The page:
The Supreme Court heard arguments earlier this week over a New York gun law, its biggest gun case in more than a decade.  We talked about it a bit on the KIT Morning News cuz we are gun people, our audience is gun people and that's how we roll.

Supreme Court Takes On Gun Case

The law, which is similar to others in half a dozen states, restricts carrying a gun in public to those who can demonstrate a particular need for doing so.  Ten years ago the high court interpreted the 2nd amendment to mean people should be able to keep guns at home for self-defense. { Big stretch, that one, but thanks.}  Now the question I and others have is -- aren't we even more at risk out in the public than we are at home? (YES)  So if guns are ok for protection at home and I don't need to prove "special circumstances" ,  why would I need to demonstrate "special circumstances" to carry my gun in public where the most dangerous circumstances exist?

Chief Justice John Roberts asked why that should be necessary, saying, "The idea that you need a license to exercise the right, I think, is unusual in the context of the Bill of Rights."  About time you get one right John, we'll watch the court for its important decision likely next spring.

RUST Gun Mistake

Meanwhile, a high-profile accidental shooting is making headlines.  Some Hollywood liberals have a bad habit of supporting anti-gun initiatives and then making millions of dollars by making movies featuring guns of all kinds!  Nice to see that Dwayne "the Rock" Johnson didn't go down that path after the tragic fatal shooting that took place on the set of Alec Baldwin's movie "RUST,"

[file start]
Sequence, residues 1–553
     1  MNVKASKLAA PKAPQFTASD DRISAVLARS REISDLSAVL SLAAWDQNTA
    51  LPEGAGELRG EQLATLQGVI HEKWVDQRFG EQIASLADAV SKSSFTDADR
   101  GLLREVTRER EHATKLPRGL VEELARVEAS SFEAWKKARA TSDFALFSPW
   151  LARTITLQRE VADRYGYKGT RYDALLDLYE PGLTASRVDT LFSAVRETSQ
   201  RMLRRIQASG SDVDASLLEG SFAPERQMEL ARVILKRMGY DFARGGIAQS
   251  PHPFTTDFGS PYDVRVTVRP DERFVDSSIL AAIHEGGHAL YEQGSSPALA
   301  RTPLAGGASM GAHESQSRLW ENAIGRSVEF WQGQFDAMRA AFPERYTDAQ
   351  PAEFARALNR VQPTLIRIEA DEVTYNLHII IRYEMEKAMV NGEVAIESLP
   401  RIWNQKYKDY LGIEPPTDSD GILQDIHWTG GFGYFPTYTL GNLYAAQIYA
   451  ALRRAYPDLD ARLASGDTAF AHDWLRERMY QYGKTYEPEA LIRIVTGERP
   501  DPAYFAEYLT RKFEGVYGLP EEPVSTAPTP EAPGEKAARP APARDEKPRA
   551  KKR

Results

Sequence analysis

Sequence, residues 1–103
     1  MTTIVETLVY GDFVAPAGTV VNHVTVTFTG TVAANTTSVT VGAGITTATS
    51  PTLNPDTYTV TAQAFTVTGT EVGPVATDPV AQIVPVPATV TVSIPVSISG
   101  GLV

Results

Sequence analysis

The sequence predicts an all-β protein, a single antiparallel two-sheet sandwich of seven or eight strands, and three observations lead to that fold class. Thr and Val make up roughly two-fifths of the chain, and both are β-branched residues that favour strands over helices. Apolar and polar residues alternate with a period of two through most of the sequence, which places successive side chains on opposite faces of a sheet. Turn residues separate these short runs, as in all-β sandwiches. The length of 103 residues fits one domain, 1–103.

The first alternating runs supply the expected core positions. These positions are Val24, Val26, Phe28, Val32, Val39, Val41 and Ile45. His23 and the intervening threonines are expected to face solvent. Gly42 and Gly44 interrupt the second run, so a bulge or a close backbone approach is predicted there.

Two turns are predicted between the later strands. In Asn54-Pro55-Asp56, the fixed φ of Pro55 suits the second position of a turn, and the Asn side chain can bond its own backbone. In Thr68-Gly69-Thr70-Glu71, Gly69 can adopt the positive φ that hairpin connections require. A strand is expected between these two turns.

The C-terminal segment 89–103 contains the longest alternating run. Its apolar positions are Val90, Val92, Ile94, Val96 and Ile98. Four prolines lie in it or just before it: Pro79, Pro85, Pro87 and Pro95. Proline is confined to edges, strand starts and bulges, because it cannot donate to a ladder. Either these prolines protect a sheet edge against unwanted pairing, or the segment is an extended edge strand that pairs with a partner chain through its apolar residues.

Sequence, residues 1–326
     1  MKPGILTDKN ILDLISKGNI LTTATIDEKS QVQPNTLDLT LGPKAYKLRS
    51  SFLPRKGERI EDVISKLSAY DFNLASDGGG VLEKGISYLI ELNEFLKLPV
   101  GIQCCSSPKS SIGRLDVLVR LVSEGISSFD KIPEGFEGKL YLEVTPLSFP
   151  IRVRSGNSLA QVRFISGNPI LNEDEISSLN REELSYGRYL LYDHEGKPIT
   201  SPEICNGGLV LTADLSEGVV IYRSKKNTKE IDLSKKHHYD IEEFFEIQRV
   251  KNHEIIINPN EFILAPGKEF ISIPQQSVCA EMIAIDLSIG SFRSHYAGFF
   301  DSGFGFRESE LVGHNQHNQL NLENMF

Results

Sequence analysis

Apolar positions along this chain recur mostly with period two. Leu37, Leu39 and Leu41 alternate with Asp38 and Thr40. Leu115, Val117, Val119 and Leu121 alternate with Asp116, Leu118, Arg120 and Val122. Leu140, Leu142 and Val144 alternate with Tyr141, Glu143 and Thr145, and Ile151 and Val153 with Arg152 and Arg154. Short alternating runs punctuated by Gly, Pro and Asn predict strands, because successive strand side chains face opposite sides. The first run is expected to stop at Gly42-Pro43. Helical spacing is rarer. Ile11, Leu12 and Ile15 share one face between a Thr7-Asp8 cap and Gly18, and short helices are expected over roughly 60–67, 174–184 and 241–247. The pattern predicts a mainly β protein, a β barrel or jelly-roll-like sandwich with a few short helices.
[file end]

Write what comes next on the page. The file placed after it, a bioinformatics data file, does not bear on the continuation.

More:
On October 21st,  Cinematographer Halyna Hutchins was shot and killed when actor Alex Baldwin fired a gun believed to be loaded with blanks. It wasn't and the investigation into her death continues.

Good Call Rock

In the meantime, the Rock has vowed to stop using real firearms on any of his future movie sets  The action star and Seven Bucks Productions co-founder told Variety Wednesday (Nov. 3rd), “I can’t speak for anyone else, but I can tell you, without an absence of clarity here, that any movie that we have moving forward with Seven Bucks Productions — any movie, any television show, or anything we do or produce — we won’t use real guns at all.

Johnson says he is going to switch over to rubber guns and will take care of mimicking reality in post-production and he says he won’t worry about any increased costs.

A quote from Johnson is something everyone involved in America's gun debate should consider is this.-"in the wake of a tragedy, the most prudent thing and the smartest thing to do is just pause for a second and really re-examine how you’re going to move forward.”

Let's hope the Supreme Court exercises that kind of measured thought when it rules on the 2nd amendment, New York law, and public carry.

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